Eliminating Vampire Power Costs

No, it’s not the title of the latest Twilight movie. It’s the reason we shell out billions of dollars without even realizing it. With the cost of oil and gas prices on the rise, everyone is looking for ways to save money. We are all switching to reusable grocery bags, energy-efficient appliances and hybrid vehicles. Yet we may not be aware of all the phantom electric costs we are accumulating at home.

Growing up we may have been told to switch off electronics when we aren’t using them, such as the TV, radio or video games…but is that really enough. These electric appliances, though turned off, still consume energy when they are in standby mode. This means if you can use a remote to turn it on, then it is still using electricity. While the individual costs may not amount to much, it will add up when you take into account how many things we have plugged in.

Below is a list of the annual average costs for many household gadgets that are turned off but still plugged in. These are averages and may differ depending on the device you have and local electricity costs. These costs are based on energy use statistics from the Lawrence Berkeley National Laboratory and American Council for an Energy-Efficient Economy using a price of 11 cents/kilowatt hour.

Home Entertainment

  • CRT TV: $1.00
  • LCD TV: $2.97
  • Plasma TV: $2.97
  • DVD: $1.53
  • VCR: $4.63
  • Digital cable box: $17.65
  • Satellite cable box: $15.50
  • DVR: $36.63
  • Digital cable box with DVR: $43.01
  • Set-top satellite box with DVR: $27.52
  • Video game console: $1.00
  • Portable stereo: $1.64
  • AM/FM tuner: $1.11
  • CD player: $4.99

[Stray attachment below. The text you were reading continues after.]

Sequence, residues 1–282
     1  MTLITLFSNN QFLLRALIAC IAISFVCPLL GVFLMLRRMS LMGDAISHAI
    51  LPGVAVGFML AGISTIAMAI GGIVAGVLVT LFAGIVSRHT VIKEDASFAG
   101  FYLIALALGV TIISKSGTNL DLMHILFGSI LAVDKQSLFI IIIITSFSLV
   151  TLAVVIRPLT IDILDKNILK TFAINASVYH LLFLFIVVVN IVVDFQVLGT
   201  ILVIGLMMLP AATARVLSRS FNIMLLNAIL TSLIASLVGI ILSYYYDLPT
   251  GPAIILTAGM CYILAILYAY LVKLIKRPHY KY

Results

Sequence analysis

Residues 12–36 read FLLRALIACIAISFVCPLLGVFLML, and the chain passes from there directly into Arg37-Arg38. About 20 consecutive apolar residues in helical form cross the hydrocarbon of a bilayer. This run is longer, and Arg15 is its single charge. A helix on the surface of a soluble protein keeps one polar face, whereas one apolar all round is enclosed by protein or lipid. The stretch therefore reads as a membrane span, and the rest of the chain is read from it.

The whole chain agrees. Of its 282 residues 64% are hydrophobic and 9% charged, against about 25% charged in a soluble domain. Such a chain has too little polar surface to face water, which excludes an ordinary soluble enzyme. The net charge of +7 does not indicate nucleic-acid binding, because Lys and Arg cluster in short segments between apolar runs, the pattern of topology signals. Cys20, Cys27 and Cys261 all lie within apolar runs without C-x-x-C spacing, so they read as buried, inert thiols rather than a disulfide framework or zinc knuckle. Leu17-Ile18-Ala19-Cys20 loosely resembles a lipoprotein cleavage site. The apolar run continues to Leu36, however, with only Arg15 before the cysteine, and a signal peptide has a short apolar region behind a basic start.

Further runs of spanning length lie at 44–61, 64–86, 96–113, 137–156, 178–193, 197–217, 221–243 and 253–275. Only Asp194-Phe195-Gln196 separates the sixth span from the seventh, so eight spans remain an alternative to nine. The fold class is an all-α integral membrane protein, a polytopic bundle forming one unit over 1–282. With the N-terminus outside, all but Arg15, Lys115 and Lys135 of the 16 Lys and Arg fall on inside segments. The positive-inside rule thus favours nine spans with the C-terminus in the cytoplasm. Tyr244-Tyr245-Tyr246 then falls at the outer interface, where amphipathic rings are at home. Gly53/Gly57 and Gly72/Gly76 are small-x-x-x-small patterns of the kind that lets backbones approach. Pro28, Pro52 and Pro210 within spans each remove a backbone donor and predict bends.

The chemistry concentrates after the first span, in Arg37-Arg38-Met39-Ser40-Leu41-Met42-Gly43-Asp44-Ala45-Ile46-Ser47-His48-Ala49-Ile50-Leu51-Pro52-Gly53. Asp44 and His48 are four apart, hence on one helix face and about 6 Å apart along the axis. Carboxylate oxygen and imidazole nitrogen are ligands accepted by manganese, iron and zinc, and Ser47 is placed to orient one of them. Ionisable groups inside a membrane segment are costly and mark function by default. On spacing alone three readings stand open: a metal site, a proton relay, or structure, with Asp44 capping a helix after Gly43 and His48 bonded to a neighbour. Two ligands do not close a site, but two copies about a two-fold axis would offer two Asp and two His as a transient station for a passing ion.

Home Office

  • Desktop computer: $3.96
  • Laptop computer: $8.81
  • Laptop charger (unattached to laptop): $4.38
  • LCD monitor: $1.12
  • Printer: $1.98
  • Multifunction printer, scanner, copier: $5.21
  • Computer speakers: $1.98


  • Coffee maker: $1.12
  • Microwave oven: $3.05
  • Cordless phone: $1.98
  • Answering machine: $1.99
  • Power tool: $3.96
  • Handheld vacuum: $2.97
  • Electric toothbrush: $1.98
  • Cell phone charger (unattached to phone): $0.26

Costs also start adding up when electronics are left on when you’re not using them.

Here are some examples:

  • Desktop computer: $71.00
  • Video game console: $23.10
  • VCR: $7.69
  • DVD player: $7.46
  • CD player: $8.53

The biggest tip is to unplug appliances and electronics that are not needed. While some items like a refrigerator or freezer need to stay plugged in, switch to energy-efficient appliances to reduce their energy consumption.

Kauai Island Utility Cooperative offers free home visits for members to help solve high electric bill mysteries that are difficult to resolve over the phone. They also offer energy-efficiency programs to help you find ways to reduce your monthly bills. Visit today’s tip on our Facebook page at www.facebook.com/tabarealty for more information.

Erin Koshi (RA) is a Kauai real estate agent at Taba Realty & Development, LLC in Koloa. Taba Realty specializes in Kauai real estate, whether residential and commercial sales, residential and commercial property management, development services or consulting. You may contact Erin at erin@tabarealty.com.

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